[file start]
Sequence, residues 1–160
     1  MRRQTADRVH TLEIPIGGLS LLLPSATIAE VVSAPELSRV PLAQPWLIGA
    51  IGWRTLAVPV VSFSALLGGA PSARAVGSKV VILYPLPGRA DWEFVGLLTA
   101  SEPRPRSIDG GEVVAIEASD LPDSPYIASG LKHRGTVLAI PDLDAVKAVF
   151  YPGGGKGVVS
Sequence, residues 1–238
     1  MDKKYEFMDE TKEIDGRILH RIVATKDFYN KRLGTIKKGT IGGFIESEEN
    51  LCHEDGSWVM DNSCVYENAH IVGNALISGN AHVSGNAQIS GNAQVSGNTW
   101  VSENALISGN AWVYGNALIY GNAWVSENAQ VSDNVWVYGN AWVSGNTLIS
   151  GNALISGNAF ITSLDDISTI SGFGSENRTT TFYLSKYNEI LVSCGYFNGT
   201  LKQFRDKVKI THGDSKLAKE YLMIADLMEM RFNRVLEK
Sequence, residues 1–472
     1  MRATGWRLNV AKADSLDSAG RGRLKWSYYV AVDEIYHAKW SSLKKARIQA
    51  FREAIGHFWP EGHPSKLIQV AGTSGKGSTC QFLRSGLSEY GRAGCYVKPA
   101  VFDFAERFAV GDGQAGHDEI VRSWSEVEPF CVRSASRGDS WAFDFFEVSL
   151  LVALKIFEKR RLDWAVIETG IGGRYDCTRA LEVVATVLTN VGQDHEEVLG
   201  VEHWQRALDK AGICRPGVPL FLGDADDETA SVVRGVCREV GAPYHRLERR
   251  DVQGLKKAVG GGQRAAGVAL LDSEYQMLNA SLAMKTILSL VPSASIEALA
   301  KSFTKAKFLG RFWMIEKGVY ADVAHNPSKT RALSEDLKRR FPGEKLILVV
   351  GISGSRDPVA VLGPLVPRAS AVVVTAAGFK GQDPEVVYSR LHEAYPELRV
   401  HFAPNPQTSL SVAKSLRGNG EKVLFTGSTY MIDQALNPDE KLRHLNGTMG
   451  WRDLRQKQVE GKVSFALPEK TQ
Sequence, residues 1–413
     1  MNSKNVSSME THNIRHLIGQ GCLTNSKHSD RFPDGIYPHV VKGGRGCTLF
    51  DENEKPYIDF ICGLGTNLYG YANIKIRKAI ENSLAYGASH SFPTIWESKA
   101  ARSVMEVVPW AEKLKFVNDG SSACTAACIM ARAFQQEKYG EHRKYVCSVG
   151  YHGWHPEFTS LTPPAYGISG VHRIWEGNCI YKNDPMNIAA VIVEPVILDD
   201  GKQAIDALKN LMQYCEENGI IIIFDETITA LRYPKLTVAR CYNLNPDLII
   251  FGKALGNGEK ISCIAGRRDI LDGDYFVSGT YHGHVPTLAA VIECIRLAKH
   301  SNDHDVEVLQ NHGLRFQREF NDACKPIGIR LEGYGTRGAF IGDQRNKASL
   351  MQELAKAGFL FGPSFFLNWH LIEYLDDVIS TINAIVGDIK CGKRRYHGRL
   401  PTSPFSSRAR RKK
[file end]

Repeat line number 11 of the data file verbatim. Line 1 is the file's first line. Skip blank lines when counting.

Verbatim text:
   201  LKQFRDKVKI THGDSKLAKE YLMIADLMEM RFNRVLEK